Jacqueline Holler is Associate Professor of History and Women’s and Gender Studies at the University of Northern British Columbia in Prince George, Canada. She is the author of Escogidas Plantas: Nuns and Beatas in Mexico City, 1531–1601 (2003), and of articles on colonial Mexico.
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  •  This edition features new content on the history of women, gender, Africans in the Iberian colonies, and pre-Columbian peoples
  • Includes more illustrations to aid learning: over 50 figures and photographs, several accompanied by short essays
  • Concentrates on the colonial period and earlier, expanding coverage of the period and incorporating more social and cultural history with the political narrative
See More
  • Presents a comprehensive narrative survey of Latin American history from the time of the first human presence until 1825
  • This edition features new content on the history of women, gender, Africans in the Iberian colonies, and pre-Columbian peoples
  • Includes more illustrations to aid learning: over 50 figures and photographs, several accompanied by short essays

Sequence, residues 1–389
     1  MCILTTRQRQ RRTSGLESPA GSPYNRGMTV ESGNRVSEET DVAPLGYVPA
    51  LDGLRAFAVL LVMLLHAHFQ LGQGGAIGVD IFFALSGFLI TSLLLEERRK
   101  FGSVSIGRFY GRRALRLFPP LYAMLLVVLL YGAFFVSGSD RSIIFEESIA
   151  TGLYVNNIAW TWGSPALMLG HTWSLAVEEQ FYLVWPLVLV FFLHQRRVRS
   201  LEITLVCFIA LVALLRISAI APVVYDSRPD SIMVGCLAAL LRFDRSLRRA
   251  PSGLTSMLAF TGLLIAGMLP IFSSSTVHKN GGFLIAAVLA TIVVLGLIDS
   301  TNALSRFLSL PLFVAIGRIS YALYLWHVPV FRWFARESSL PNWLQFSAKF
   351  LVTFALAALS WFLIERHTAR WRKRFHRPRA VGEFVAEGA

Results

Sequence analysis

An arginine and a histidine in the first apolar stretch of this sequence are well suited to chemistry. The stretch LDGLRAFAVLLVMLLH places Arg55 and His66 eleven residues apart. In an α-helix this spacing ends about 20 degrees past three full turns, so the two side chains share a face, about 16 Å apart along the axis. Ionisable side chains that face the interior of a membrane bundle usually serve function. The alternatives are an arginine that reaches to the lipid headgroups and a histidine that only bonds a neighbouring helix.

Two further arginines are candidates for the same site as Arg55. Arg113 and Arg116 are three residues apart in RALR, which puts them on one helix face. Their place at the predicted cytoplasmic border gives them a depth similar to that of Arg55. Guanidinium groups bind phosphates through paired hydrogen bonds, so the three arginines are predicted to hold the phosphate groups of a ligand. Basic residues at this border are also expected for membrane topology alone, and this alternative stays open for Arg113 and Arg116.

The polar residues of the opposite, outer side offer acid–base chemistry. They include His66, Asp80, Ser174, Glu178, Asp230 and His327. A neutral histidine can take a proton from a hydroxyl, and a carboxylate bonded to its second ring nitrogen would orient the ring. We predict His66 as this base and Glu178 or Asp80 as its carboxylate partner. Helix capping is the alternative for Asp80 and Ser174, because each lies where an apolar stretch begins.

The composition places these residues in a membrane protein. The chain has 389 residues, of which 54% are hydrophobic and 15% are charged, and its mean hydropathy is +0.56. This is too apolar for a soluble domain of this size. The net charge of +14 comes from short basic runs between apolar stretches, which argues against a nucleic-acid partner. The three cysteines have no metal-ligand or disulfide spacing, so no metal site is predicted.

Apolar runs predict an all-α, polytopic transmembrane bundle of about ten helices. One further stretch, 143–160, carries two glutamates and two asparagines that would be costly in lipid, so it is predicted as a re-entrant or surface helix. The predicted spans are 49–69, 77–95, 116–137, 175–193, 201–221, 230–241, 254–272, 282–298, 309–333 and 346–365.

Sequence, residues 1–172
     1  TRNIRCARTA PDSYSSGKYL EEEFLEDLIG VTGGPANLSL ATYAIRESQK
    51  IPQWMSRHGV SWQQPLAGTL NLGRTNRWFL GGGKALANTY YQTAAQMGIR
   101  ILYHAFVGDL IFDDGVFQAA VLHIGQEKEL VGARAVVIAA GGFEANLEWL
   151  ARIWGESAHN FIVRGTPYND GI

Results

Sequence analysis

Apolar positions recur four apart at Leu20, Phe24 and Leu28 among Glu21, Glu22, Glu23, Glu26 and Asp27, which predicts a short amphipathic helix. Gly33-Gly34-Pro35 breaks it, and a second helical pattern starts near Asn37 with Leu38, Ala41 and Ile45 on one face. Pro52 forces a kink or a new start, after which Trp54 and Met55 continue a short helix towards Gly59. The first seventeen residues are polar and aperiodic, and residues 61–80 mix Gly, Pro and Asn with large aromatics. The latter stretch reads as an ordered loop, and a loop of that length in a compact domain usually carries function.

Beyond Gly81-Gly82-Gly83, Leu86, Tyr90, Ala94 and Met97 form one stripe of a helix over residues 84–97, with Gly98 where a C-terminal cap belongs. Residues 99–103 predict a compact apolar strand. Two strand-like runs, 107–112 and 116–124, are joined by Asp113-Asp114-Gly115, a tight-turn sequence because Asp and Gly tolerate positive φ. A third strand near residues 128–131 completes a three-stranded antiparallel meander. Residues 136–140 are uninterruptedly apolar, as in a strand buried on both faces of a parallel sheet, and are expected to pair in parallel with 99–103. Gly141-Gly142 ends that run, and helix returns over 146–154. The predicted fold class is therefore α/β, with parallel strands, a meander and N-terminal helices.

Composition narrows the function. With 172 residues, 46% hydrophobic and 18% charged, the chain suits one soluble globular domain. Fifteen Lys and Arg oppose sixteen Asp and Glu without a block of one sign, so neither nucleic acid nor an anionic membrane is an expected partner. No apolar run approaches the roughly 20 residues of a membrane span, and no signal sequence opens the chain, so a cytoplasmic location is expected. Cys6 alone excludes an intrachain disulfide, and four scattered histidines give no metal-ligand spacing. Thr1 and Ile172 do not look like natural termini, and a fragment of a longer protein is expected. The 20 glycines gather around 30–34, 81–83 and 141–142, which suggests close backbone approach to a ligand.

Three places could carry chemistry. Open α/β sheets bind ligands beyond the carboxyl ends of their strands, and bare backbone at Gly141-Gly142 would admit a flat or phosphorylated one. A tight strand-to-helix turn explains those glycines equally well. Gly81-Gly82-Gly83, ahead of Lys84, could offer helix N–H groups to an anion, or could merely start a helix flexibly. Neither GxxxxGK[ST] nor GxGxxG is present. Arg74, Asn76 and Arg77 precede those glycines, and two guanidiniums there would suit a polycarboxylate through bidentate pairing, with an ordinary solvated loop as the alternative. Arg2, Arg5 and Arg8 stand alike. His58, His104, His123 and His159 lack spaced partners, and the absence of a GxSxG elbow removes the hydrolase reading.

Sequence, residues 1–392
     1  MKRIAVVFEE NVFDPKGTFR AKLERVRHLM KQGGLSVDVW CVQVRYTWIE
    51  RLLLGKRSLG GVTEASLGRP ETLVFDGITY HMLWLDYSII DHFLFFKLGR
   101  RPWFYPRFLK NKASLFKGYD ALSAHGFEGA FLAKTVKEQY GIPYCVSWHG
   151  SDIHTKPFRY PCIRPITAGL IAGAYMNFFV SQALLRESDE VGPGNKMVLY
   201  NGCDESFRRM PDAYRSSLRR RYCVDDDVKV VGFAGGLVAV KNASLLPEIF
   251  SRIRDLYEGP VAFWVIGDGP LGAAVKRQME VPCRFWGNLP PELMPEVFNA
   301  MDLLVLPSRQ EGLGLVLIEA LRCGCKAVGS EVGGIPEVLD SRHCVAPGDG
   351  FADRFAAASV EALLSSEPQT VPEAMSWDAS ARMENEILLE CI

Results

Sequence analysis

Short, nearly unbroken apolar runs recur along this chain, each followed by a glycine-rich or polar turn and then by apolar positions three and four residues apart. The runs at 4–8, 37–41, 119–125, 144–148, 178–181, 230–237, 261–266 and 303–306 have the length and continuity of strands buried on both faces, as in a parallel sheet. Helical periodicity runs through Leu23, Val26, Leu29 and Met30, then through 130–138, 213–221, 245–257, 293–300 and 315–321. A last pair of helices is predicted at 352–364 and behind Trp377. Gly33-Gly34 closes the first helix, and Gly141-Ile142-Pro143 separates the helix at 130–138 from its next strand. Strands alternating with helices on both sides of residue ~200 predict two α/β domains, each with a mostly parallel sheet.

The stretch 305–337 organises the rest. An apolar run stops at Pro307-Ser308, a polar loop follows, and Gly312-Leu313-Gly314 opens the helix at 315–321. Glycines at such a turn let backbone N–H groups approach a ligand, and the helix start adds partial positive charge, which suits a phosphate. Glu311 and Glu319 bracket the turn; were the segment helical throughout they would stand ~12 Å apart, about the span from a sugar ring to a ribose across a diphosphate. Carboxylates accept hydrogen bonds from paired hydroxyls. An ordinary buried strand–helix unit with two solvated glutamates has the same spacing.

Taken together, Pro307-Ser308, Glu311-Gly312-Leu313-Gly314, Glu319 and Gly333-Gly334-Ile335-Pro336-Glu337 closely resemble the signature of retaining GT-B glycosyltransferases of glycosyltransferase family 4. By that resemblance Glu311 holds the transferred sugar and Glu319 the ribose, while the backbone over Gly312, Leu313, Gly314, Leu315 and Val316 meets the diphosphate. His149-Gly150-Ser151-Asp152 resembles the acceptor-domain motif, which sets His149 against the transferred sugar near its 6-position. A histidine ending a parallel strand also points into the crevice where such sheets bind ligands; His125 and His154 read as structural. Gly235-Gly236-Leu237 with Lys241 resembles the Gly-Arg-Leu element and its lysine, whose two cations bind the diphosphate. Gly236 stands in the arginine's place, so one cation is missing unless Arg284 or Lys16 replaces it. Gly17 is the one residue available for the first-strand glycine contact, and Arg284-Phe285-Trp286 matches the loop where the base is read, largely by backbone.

• Concentrates on the colonial period and earlier, expanding coverage of the period and incorporating more social and cultural history with the political narrative
See More
"For its graceful prose, thoroughness, erudition, and meticulously balanced interpretations, Peter Bakewell and Jacqueline Holler's A History of Latin America to 1825 conquers the summit in the field of Latin American history textbooks. This is a masterpiece of historical synthesis."
Robert H. Holden, Old Dominion University

"This readable and accessible text offers a thorough introduction to colonial and independence-era Latin America. Students will appreciate the volume's clear explanation of important terms and concepts and the use of specific events and figures to bring ideas to life. Professors will welcome Bakewell's judicious weaving of historical debates and competing interpretations into the analysis in a way that should connect the volume to supplementary readings. Photographic essays explaining Latin America's spaces and material culture are a welcome addition drawing attention to the importance of geography and material culture."
Jordana Dym, Skidmore College

"A History of Latin America to 1825 offers the most comprehensive treatment in any language of the history of early Latin America. In this book Peter Bakewell does more than inform his readers of the richly complex history of colonial Spanish American and Brazil, he also explains – with constant verve and remarkable intellectual clarity –why things happened the way they did."
Robert Ferry, University of Colorado, Boulder

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by Peter Bakewell, Jacqueline Holler, Teresa A. Meade